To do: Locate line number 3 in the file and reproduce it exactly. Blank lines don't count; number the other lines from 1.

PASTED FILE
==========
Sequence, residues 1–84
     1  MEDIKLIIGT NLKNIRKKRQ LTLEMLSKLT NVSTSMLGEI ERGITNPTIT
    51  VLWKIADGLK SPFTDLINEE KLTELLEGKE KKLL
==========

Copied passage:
    51  VLWKIADGLK SPFTDLINEE KLTELLEGKE KKLL